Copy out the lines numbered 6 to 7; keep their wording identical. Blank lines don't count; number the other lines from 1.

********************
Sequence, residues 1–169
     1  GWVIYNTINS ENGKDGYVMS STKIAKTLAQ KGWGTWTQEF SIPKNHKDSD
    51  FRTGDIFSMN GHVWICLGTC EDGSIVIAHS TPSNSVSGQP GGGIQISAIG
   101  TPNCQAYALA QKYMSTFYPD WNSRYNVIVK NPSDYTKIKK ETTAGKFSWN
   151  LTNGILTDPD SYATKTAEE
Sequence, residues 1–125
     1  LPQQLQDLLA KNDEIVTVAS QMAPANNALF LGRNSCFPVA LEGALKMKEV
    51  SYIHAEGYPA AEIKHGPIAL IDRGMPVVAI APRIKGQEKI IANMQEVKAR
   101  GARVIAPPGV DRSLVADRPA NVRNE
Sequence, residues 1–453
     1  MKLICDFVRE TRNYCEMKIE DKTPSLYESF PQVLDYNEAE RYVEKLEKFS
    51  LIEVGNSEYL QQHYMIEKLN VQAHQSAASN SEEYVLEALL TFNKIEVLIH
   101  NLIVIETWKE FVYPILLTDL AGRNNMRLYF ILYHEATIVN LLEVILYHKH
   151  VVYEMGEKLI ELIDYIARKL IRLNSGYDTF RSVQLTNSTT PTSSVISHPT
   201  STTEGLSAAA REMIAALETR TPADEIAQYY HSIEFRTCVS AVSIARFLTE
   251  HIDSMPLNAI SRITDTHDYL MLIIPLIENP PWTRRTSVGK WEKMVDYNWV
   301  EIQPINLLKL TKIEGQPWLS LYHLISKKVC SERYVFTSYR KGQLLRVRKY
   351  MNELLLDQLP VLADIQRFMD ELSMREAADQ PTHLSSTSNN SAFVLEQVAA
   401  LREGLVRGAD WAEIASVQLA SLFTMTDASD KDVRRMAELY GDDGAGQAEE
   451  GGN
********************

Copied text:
Sequence, residues 1–125
     1  LPQQLQDLLA KNDEIVTVAS QMAPANNALF LGRNSCFPVA LEGALKMKEV